During the past 2 weekends we’ve had the chance to visit the crocodile lake in a town named Paga located at the most northerly part of Ghana, be given a very moving and informative tour around an old slave camp, and also visit Kintampo waterfalls which were beautiful and serene. What follows is, as always, my favourite photos from the experiences!
So this week I finally went into the market with my camera to try to capture the essence of it. Tamale’s central market is where we do our weekly shopping for basics like fruit and veg, whilst we get any western specific items at the supermarkets dotted around. This market can be a right pain to go around after work when trying to find what you need, but at the same time it’s full of life and fascinating to walk around. If smellography existed, this would be a perfect case for it. The mix of meats, vegetables and a hundred other things make for a unique and dynamic smelling experience – I can assure you.
So aside from the weekends, what have I been doing here!?
Our journey so far has been successful so far, but I’ve quickly learnt of the challenges that accompany international development in my time here already – especially when it has felt like progress is slow. There are many geographical and economical issues to overcome, as well as the matter of the extremely laid back way of life here! The office work, meetings, planning, and phone calls are all the essential back work not included in this post. What follows are some of the highlights so far in the projects when we’ve been able to get out of the office and put our work directly into action.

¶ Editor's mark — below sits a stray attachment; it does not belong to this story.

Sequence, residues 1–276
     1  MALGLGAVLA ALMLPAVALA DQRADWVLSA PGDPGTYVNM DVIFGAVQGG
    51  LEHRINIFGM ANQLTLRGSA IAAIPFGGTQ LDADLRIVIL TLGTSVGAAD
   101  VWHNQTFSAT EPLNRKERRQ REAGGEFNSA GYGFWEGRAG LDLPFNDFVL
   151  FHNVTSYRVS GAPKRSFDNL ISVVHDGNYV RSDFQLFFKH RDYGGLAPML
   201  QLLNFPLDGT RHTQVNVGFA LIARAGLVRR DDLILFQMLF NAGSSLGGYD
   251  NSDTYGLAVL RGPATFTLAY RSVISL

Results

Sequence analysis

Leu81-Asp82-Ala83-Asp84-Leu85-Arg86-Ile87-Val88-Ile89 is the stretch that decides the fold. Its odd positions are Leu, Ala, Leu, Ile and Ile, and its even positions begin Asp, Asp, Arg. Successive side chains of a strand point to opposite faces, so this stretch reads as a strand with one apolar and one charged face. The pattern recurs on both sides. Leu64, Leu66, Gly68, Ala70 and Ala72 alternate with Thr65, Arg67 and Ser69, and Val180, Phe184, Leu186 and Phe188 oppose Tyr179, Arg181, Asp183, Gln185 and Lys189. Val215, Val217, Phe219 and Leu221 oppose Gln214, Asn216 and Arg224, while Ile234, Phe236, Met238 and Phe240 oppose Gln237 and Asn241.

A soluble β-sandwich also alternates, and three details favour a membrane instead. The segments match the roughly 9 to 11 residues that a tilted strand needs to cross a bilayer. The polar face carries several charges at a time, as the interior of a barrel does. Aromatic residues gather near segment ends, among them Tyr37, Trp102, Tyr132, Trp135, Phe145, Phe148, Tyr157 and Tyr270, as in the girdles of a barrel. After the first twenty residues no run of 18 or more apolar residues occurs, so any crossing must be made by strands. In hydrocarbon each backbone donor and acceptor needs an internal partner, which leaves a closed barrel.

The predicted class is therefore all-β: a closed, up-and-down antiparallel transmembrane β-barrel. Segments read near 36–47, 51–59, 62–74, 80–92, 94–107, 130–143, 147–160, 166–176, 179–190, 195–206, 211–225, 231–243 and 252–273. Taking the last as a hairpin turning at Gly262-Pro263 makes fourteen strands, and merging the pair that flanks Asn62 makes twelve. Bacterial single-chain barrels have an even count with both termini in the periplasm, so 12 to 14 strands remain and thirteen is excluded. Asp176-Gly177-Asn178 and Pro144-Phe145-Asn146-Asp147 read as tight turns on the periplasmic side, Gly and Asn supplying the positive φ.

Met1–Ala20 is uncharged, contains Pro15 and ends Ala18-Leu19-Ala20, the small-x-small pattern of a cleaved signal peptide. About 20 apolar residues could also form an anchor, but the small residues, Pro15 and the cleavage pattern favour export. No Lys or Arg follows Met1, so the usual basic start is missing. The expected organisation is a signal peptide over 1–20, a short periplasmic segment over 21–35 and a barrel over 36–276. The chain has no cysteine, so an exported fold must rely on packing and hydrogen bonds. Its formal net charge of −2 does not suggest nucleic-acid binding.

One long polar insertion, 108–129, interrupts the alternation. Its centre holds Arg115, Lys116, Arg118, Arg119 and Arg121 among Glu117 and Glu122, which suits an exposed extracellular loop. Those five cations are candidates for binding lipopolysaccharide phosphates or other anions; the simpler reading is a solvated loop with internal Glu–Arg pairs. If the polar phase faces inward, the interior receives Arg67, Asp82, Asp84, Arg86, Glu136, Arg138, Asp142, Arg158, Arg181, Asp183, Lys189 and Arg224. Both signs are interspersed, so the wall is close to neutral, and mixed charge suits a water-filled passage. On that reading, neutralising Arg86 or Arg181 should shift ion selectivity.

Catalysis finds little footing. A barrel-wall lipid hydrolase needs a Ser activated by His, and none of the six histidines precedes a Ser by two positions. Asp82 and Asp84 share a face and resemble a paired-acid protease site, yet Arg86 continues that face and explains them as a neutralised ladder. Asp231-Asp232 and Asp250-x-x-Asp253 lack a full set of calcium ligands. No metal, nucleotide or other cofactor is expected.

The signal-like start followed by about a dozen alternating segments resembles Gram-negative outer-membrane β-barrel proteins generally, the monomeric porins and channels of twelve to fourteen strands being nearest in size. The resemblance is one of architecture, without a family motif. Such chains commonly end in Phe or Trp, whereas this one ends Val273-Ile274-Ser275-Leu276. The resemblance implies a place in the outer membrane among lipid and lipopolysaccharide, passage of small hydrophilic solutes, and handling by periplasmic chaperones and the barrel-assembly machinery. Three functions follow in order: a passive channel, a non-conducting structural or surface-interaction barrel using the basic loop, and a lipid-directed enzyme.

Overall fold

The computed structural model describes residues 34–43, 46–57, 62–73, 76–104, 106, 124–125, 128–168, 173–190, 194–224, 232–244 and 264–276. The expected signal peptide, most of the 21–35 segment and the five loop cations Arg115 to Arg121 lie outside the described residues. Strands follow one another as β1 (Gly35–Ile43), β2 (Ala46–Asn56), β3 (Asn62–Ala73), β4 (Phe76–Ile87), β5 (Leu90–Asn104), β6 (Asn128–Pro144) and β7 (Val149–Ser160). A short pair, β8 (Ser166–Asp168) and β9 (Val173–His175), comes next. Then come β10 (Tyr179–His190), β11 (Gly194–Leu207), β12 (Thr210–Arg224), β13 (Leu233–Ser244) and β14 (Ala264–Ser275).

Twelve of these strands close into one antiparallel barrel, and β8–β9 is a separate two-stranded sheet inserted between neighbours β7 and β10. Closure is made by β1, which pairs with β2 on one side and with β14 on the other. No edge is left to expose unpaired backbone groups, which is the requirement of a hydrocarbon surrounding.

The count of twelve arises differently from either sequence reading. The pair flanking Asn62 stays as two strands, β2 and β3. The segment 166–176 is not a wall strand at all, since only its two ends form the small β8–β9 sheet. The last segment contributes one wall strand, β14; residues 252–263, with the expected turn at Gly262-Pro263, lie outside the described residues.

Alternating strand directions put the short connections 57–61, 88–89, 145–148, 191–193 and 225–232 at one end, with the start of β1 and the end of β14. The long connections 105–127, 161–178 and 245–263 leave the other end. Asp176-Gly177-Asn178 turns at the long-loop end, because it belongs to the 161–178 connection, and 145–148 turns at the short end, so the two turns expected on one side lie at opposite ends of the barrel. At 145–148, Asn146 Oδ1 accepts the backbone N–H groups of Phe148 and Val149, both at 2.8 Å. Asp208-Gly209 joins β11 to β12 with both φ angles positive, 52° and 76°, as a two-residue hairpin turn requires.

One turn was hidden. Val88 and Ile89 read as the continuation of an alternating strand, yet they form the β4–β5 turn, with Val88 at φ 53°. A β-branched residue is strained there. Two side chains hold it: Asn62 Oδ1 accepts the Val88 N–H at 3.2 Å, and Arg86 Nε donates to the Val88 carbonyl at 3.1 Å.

The only major project not covered here is ‘Farming For Futures’. With regard to setting up the cooperative and organising the best practice farming sessions, these are at the early stages of making contacts and meeting people. We have already made contacts within the Ministry of Food & Agriculture and with NGOs who specialise in best practice farming techniques. However, meeting people is not always easy in Ghana; timing and schedules are less of a part of the culture than in the UK.
There’s a lot to be done! As always, keep in mind this really is a just a small glimpse displaying the key progress points so far.